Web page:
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  • jdettmann


We are finally a household with fully and properly assembled beds. Joy to the world and bring us some figgy pudding. Not that it was easy, because when you do something supremely lazy like pay someone else to build your IKEA daybed, you get to pay for it in so many ways as well.

The man assigned by IKEA to allen-key our flatpacked bed into a three dimensional format turned up when he said he would last Tuesday and told me he thought the job would take him about an hour and a half. An hour and a half later he was finished. In one corner of the room stood a bed, and in the other was a pile of cardboard. I thanked him and he left.

But that evening, as H went to take the cardboard out to the recycling, he came across a little hidden treasure. He found the bag the screws and bolts and bits of dowel came in. And it wasn’t empty. Oh no, not by a long shot was it not empty. Inside were were sixteen inch-long pieces of dowel, six important looking screws and four plastic stoppers.

Now I don’t know how much IKEA furniture you have had the pleasure of assembling in your life, dear reader(s) but the thing about IKEA is this: they run a very lean operation. They are not in the business of giving you more than they think you need. In any area. The meatballs are carefully counted out as they are scooped onto plates in the cafeteria. There are no free bags. And there sure as hell aren’t twenty-six surplus-to-requirements parts included with a daybed.

I agonised over what to do, because I hate confronting people about anything. I settled, eventually, on a cheerful and ever so slightly passive aggressive text message.

‘Hi, Allen Key [not his real name], thanks for today. We’ve just noticed a bunch of extra bits in a bag: quite a few wooden cylinders and six screws and some plastic stoppers. Do we need to add them to the bed somewhere?’

Why I didn’t feel I could just say ‘Workman, you did your work badly. Come fix it immediately’ is a story for another time, and we will also not go into why I thought a man who builds IKEA furniture for a living would not be au fait with the term ‘dowel’ and why I instead went with the ditsy-sounding ‘wooden cylinders’, thus making it sound as if I’m the one who doesn’t know her hardware terms. A conversation for another time.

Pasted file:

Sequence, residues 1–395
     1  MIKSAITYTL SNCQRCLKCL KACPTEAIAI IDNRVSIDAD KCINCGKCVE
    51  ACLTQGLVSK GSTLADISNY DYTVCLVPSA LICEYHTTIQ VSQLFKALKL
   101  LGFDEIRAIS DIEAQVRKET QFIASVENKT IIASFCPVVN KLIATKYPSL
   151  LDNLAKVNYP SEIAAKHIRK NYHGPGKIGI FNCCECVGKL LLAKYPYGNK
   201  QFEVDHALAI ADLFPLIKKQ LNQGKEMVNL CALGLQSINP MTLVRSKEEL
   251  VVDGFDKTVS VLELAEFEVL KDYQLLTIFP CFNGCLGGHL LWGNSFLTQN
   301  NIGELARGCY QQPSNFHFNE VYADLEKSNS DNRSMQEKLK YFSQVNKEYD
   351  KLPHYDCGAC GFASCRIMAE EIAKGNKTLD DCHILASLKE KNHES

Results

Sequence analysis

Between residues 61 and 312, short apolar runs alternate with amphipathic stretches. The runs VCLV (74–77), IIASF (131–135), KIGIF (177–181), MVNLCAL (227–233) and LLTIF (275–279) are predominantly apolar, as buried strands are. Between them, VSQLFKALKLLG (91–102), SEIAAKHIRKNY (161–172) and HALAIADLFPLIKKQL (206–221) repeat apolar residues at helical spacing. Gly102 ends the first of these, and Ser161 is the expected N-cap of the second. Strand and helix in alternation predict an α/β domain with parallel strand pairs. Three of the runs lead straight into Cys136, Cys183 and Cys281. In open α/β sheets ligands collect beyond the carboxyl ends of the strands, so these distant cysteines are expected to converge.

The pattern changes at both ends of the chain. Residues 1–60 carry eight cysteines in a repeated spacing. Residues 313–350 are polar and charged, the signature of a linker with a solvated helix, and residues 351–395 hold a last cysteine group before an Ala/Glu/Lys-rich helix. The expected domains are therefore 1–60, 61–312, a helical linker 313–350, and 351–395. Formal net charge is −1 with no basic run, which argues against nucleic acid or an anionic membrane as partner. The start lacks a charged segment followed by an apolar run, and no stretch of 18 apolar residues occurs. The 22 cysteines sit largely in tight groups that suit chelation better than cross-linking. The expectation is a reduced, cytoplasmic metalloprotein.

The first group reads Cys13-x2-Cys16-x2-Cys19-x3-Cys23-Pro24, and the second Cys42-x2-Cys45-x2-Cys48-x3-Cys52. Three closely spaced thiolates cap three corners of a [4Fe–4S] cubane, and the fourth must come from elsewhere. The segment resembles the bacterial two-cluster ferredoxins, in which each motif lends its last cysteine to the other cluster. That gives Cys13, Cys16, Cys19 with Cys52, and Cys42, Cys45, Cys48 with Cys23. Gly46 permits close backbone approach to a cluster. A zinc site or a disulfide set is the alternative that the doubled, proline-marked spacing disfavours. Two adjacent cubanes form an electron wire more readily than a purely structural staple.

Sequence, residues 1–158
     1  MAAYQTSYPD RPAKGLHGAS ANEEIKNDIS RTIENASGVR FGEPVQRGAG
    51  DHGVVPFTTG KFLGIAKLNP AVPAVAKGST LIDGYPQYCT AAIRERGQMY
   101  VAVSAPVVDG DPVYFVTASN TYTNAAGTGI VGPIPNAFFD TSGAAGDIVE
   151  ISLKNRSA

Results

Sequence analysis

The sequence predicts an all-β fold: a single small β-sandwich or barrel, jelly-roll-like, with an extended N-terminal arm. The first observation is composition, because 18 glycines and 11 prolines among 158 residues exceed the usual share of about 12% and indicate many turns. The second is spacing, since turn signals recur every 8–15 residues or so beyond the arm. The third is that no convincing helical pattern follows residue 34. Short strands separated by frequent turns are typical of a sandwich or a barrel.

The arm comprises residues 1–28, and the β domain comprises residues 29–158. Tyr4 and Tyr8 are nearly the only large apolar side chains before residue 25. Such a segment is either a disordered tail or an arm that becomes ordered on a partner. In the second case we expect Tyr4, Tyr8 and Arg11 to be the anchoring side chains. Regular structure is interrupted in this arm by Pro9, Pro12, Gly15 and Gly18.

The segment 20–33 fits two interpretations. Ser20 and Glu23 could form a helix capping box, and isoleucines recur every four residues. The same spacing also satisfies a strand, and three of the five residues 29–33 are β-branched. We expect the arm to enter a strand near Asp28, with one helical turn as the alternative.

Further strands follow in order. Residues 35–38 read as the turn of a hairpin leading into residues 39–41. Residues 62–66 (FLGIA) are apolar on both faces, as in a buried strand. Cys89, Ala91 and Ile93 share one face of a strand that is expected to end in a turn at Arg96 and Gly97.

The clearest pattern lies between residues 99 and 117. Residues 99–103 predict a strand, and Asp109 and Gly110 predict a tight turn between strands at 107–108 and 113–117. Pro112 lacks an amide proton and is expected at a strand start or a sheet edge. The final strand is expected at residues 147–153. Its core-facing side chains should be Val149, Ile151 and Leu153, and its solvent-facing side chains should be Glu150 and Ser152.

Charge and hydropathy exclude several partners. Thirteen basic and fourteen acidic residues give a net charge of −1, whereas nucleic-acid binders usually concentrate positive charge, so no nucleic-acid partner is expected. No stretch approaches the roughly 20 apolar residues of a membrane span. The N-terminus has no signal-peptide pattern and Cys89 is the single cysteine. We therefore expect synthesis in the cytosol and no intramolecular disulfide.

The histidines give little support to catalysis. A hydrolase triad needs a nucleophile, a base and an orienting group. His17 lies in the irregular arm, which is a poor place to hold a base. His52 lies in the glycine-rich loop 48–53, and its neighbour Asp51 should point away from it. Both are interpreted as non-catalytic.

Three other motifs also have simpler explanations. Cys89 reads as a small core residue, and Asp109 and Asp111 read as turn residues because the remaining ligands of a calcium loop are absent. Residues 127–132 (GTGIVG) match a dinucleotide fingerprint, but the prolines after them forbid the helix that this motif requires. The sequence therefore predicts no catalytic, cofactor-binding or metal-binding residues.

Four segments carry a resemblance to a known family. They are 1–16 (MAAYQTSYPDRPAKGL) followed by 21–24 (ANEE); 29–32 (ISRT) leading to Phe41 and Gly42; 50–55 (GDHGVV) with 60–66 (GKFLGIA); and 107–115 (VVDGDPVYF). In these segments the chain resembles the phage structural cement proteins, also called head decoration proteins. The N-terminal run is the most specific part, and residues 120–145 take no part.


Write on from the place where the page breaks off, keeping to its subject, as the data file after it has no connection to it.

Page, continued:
His answer was as follows:

‘Hey no worries and no not at all, I’ve just figured out the quickest way to assemble IKEAs furniture without reading their instructions, you’ve got nothing to worry about though, it’s not going to break lol I guarantee it.’

Well, where to even start with pulling that apart?

Firstly, telling me not to worry twice makes me worry twice as much.

Secondly, WITHOUT READING THEIR INSTRUCTIONS? Are you an anarchist? I didn’t pay for flatpack anarchy. You have to read the instructions. You just do. You can’t just do it however you want. That is not how this works. IKEA furniture barely works even if you follow the instructions to the absolute pictogram. It doesn’t stand a chance if you just whack it together as fast as you can, with no respect for the numbered sequence helpfully and essentially lain out for you in the instructions.

Thirdly, ‘lol I guarantee it’? I’m no lawyer but I have never seen an episode of The Good Wife or Rumpole of the Bailey or Judge Judy where such wording stood up in court. I can see it now:

“But, Your Honour, Allen Key said lol he guaranteed his work. See, it’s right here on my phone: ‘LOL’. Well, no, actually it wasn’t in caps. It was just ‘lol’. What do you mean LOL has to be in capital letters for the guarantee to be legally binding? What do you mean case dismissed?”

It didn’t end up in court. I just reported it to IKEA and they were suitably horrified by the laissez-faire attitude of Allen Key. They sent round Baz Who Does It Properly, and he did it properly. When Baz left there were no extra bits, hopefully because he put them all their proper places in the bed, but possibly because he just pocketed them. Which is exactly what Allen Key could have done in the first place and I would have been none the wiser.

The next day, May Blossom’s very old bed collapsed. It had been showing signs of its imminent demise, which we had been studiously ignoring. Once so many of the slats had disintegrated that our firstborn and her mattress were disappearing from sight like Artex into the Swamps of Sadness in Never Ending Story, we gave in and bought a new one. From Ikea, of course, because we are nothing if not pathetically devoted to that big ol’ dumb old yellow and blue boxstore and its convenience and cinnamon rolls.

I put the new bed together myself. It was pretty easy. I don’t know what all the fuss is about.

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